Requirements for Becoming a Dental Hygienist

HealthcareFebruary 24, 2015

Dental hygienists are important members of all dental care teams. Specialists in preventive oral care, they clean teeth, apply protective sealants and teach patients how diet can affect oral care. The requirements dental hygienists must meet in order to work in the field will vary by state, but many courses they take will overlap. Following is a general overview of what dental hygiene students can expect.

Education Requirements

According to the American Dental Association (ADA), an associate degree in dental hygiene is the minimum requirement to take the licensure examination. The degrees are available at certain technical and community colleges, universities and dental schools. Universities may also have bachelor's and/or master's degrees, which enhance teaching and research opportunities.

Some programs prefer students who have completed at least one year of college, but that’s not a requirement. However, certain community college programs may require courses in anatomy and physiology, communications or chemistry for admission. Dental hygienist programs themselves will cover dental anatomy, pharmacology, biomaterials and periodontics. While all important subjects will be covered as part of the program, students who take courses such as health, psychology, biology, chemistry, math and speech to enhance their skills in high school may find that beneficial. 

License Requirements

Receiving an associate degree from an ADA-accredited program is all that’s required to take the exams. Most states require passing a state exam in addition to a national exam, while others may only want one or the other. In either case, the program will prepare you for both exams.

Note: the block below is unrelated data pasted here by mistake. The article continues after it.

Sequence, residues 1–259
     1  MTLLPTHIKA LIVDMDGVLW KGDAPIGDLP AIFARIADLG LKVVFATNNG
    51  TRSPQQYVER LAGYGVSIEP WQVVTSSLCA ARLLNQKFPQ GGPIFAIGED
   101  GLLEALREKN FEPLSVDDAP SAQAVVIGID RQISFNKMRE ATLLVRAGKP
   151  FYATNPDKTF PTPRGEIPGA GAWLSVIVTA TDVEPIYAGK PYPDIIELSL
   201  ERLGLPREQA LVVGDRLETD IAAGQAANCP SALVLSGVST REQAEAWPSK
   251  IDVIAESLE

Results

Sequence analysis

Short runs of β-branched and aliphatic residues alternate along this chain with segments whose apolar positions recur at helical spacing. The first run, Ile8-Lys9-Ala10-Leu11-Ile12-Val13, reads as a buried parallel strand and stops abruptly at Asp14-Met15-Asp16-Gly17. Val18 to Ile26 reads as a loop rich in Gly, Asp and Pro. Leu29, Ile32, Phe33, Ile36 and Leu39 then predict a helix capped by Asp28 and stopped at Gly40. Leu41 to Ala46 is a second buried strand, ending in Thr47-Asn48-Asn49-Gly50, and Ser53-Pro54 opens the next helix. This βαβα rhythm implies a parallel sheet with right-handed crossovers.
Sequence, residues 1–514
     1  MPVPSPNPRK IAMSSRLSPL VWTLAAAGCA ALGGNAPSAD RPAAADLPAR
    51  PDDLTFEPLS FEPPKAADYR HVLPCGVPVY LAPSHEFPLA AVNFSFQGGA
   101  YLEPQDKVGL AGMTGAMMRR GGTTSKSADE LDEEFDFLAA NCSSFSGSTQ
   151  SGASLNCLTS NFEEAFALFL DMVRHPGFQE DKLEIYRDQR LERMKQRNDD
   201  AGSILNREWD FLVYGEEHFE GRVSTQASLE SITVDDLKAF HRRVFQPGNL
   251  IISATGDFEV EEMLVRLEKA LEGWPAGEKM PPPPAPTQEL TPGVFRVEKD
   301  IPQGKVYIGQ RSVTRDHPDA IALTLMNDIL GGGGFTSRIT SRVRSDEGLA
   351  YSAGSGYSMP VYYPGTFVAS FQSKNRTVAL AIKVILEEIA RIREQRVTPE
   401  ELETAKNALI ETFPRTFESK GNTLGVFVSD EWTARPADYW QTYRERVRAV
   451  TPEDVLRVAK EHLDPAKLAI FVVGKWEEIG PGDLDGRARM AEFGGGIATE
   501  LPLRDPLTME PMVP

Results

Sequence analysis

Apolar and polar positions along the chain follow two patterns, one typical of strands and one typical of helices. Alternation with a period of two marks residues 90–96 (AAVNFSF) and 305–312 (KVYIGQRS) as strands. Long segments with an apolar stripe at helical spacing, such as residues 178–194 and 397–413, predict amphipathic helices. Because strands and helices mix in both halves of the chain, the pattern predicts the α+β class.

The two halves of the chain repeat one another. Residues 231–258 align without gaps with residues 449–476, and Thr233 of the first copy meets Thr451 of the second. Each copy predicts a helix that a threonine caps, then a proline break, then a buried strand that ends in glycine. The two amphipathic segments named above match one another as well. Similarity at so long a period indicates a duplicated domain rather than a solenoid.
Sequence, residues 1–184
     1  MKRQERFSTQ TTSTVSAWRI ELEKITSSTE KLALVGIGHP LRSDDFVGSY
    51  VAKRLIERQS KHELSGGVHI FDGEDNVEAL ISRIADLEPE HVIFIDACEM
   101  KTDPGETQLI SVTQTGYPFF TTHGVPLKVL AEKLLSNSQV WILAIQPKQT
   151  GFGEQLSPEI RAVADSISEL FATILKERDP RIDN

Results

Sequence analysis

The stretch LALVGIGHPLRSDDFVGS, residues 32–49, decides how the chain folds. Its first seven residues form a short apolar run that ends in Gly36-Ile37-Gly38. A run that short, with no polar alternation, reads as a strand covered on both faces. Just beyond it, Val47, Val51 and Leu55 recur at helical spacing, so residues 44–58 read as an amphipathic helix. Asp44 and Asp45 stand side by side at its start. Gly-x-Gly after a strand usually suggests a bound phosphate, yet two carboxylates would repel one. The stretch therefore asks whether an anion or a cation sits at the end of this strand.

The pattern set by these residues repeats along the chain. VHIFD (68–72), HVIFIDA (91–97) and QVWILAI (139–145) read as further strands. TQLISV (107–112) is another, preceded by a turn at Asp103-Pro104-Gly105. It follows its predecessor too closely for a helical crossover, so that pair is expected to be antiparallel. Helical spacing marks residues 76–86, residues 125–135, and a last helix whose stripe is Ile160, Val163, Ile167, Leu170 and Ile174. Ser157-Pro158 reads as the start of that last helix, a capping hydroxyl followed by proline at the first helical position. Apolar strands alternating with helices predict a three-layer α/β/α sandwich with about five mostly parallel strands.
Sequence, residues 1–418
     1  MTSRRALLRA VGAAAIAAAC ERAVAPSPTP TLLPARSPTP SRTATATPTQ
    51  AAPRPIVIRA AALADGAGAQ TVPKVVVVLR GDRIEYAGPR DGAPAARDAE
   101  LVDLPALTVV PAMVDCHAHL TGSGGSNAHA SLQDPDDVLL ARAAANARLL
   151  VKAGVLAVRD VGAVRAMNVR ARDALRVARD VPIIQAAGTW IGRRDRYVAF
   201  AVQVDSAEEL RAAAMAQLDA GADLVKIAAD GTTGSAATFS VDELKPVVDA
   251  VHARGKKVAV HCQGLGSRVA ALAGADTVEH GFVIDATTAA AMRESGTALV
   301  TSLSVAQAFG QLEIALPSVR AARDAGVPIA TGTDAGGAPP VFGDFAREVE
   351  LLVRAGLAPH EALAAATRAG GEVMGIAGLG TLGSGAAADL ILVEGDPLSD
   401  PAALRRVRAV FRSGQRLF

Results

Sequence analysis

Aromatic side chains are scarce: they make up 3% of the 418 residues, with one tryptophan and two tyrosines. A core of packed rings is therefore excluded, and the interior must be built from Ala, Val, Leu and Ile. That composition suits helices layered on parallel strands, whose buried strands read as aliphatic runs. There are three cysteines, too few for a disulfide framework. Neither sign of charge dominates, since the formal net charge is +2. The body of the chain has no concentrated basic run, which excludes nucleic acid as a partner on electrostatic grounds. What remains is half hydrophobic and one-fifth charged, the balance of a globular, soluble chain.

Job Outlook


According to the Bureau of Labor Statistics, the jobs outlook for dental hygienists continues to rise faster than the average for all jobs (20% through 2026). That is a national average that may not apply specifically to your community or state…but it does reflect the demand as the population ages and more people are seeking oral preventive care.

Dental hygienists may take tests in different states to get certified if they plan to move; however, additional course requirements may be required to become certified, such as psychology, interpersonal relations and even physics. The ADA or state certification board can provide more information about state-specific dental hygienist requirements. A dental hygienist program offers a great opening into the dental field that leads to long, satisfying careers.

For those thinking about careers in dental hygiene, they should consider their hand dexterity, compassion for patients as well as being detail oriented – traits that are important in the profession. 

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